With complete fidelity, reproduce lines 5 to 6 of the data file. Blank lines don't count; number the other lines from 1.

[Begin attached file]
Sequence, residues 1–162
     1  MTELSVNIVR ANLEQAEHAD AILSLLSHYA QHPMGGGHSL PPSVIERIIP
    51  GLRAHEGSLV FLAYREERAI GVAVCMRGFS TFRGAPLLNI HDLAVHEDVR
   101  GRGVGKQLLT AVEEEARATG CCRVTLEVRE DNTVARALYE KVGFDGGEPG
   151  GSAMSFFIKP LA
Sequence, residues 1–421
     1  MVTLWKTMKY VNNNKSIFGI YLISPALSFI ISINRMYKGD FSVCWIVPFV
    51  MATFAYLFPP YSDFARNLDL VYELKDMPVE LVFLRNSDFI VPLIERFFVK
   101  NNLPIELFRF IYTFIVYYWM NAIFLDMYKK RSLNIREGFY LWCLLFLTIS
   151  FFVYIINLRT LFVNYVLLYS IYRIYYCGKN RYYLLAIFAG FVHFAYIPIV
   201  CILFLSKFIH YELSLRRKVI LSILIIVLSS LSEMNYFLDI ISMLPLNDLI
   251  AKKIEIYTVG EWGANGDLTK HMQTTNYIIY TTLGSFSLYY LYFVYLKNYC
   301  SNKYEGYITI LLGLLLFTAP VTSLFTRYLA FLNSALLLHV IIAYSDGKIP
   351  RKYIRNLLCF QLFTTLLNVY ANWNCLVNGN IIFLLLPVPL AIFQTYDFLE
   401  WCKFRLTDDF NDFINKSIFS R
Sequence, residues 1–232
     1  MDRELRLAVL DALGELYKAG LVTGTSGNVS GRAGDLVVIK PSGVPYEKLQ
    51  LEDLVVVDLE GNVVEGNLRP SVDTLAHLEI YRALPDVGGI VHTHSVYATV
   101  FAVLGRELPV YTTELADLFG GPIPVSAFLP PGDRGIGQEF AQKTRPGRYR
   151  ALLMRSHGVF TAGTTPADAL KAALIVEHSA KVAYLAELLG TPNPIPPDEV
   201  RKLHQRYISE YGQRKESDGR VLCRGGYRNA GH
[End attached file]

   151  GSAMSFFIKP LA
Sequence, residues 1–421